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Restaurant Tax Update: Qualified Improvement Property (QIP) Changes under TCJA

June 25, 2019

Attention restaurant owners…did you invest in interior improvements in 2018? Were your tax liabilities higher than usual? A congressional error may be why.

As we mention in our blog, Bonus Depreciation: How Building Improvements Fell through the Cracks improvements placed in service in 2018 must be depreciated over a 39 year life without bonus depreciation, due to a drafting error in the Tax Cuts and Jobs Act (TCJA). If this has increased your tax bill, there are workarounds that can help mitigate the impact going forward.

What exactly is qualified improvement property tax treatment?

Let’s say that your restaurant has endured significant wear and tear over the years, and needs physical improvements to bolster business. There is something called qualified improvement property (QIP) tax treatment which allows businesses to immediately write off investments to interior improvements.

QIP includes any improvement to a building’s interior.

Improvements do not qualify for QIP tax treatment if they are attributable to:

  • The enlargement of the building
  • Any elevator or escalator
  • The structural framework of the building

Under prior guidance, improvements to qualified leasehold property, qualified restaurant property and qualified retail property qualified for a 15 year cost recovery period and 50% bonus depreciation.

More about the TCJA drafting error

Through the TCJA, Congress intended to consolidate the various forms of improvement property into one comprehensive QIP category with a 15 year recovery period, with such property being eligible for 100% bonus depreciation. Due to a drafting error, interior improvements placed in service in 2018 must be depreciated over a 39 year life without bonus depreciation. Congress has yet to tackle this “retail glitch” which has had a significant impact on retailers and restaurants.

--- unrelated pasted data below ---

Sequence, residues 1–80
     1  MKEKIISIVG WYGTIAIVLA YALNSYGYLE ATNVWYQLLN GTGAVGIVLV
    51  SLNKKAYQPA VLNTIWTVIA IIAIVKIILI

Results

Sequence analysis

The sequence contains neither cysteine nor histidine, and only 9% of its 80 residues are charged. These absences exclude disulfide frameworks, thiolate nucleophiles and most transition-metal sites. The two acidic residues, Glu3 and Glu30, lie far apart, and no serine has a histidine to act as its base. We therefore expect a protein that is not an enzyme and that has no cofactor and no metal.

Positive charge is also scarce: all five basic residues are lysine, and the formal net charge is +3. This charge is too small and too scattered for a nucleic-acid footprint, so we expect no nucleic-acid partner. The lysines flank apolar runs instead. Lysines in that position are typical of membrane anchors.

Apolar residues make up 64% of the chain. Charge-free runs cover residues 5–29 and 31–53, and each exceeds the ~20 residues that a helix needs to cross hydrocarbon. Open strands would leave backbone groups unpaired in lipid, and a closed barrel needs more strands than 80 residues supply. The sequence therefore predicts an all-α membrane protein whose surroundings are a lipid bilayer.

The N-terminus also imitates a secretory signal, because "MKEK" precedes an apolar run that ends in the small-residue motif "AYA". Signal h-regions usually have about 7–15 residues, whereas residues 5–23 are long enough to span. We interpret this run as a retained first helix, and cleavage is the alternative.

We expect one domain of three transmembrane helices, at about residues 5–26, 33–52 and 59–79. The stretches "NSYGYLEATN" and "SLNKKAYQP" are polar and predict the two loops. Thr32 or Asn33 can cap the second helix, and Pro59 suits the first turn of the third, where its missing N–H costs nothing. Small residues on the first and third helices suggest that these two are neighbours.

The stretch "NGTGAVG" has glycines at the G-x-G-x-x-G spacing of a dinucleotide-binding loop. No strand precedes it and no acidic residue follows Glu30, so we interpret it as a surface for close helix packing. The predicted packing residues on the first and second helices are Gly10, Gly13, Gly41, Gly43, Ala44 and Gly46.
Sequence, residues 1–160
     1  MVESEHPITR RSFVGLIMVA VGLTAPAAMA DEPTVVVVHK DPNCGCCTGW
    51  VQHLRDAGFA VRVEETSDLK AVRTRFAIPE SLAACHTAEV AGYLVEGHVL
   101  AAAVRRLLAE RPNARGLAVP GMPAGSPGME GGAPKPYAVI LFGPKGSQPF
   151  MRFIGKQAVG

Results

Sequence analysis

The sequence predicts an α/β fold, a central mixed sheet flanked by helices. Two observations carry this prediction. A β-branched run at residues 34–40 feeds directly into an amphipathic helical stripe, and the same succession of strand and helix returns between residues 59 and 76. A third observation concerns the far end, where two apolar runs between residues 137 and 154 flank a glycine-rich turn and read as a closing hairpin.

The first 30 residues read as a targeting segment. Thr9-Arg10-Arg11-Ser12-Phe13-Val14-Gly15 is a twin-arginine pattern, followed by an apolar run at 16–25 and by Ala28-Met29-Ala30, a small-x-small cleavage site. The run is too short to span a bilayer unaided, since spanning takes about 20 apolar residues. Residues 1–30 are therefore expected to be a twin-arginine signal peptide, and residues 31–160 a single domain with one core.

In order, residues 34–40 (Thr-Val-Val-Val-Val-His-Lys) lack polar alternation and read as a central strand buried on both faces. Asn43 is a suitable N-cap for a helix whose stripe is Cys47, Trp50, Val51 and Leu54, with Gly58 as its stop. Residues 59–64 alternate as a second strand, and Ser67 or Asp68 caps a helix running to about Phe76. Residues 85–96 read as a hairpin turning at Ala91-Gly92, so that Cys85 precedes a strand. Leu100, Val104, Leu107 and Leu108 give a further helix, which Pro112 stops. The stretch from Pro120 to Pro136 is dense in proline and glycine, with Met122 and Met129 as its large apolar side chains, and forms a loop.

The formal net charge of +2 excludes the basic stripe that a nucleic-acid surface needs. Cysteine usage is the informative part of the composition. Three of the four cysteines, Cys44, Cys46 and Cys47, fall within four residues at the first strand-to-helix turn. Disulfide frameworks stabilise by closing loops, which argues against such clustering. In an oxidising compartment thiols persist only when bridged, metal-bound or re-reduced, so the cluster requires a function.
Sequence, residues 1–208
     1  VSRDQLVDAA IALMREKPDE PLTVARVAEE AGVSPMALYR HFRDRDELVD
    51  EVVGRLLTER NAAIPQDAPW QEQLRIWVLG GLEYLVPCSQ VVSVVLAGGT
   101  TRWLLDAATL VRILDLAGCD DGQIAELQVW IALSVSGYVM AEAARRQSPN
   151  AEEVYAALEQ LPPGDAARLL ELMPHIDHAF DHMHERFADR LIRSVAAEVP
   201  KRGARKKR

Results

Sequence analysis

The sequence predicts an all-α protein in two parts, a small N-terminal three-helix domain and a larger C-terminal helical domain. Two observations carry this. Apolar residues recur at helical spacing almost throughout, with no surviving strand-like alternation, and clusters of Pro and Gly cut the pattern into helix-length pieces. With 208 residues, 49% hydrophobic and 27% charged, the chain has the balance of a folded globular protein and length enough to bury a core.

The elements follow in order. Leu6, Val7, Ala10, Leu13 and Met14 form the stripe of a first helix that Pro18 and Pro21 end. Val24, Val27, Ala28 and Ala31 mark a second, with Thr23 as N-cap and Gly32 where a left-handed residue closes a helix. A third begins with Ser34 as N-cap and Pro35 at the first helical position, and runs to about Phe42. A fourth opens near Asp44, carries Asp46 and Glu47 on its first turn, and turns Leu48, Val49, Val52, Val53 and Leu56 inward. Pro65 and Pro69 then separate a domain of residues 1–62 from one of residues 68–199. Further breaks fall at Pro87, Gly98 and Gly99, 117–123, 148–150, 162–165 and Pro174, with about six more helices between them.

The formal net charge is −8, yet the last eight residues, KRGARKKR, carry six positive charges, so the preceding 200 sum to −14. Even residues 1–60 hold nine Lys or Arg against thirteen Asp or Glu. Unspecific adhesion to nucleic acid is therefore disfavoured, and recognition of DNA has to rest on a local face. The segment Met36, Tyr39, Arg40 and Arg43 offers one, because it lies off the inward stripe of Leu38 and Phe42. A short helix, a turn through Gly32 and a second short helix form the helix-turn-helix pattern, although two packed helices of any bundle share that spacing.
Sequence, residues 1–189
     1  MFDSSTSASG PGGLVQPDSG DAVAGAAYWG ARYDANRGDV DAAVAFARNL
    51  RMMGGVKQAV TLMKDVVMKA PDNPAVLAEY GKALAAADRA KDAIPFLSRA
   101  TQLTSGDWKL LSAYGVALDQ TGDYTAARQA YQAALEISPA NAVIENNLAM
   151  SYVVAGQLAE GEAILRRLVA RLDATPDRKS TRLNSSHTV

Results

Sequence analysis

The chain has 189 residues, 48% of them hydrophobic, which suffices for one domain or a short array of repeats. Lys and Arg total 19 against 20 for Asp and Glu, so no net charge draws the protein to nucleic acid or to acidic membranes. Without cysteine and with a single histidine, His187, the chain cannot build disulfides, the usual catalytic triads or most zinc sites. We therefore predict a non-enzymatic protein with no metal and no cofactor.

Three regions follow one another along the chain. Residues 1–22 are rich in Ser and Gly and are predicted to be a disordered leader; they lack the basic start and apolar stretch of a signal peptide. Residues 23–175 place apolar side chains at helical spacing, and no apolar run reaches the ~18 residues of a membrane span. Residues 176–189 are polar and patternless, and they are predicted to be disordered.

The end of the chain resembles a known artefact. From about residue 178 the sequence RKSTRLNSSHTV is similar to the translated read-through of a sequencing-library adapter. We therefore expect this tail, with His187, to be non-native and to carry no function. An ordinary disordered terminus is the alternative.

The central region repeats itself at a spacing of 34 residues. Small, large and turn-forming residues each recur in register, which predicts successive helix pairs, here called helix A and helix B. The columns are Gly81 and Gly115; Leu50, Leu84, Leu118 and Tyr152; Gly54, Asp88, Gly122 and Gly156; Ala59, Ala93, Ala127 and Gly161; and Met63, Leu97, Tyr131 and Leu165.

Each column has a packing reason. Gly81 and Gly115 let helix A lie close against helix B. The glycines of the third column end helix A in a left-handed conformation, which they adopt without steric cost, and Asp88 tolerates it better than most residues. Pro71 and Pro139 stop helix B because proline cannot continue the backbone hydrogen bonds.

In late March, the House of Representatives introduced the Restoring Investment in Improvements Act to address the glitch, but it did not receive bipartisan support.

How can restaurants cope with this setback?

Cost Segregation Study

Restaurant owners who’ve invested in qualified improvement property might consider a cost segregation study to address the setback. Cost segregation reclassifies assets to maximize personal property and optimize depreciation deductions. With restaurants, a cost seg study can analyze construction costs to identify portions that can be written off quickly for tax purposes. When you separate QIP from other types of property, you can still qualify for some bonus depreciation.

Remodel-refresh safe harbor

Another alternative is the remodel-refresh safe harbor method. Under IRS Revenue Procedure 2015-56, 75% of improvements costs can be immediately expensed, with the remaining 25% depreciated over 39 years. Luckily, restaurants do not have to spend time determining whether a cost is a repair (eligible for immediate tax expense) or a capitalized asset (depreciated over 39 years) since this is a safe harbor. 75% of costs can be immediately deducted regardless.

When do you have to adopt the safe harbor?

Restaurants who extended their 2018 tax returns have until the extended due date to adopt the safe harbor method for this tax year (September 16th for pass-through entities and October 15th for corporations). Restaurants must have audited financial statements to adopt the safe harbor.

What can be done for businesses without audited financial statements?

For smaller restaurants with unaudited financial statements, an election to expense interior work may still be an option. Unfortunately, exterior work does not qualify as QIP-eligible for this election.

Need help assessing your options? Our Hospitality Services Team can help—contact us today.

The TCJA…So Many Changes, So Many Questions…we can help you navigate this huge tax overhaul! Visit our Tax Reform Center for everything you and your business need to know, now.

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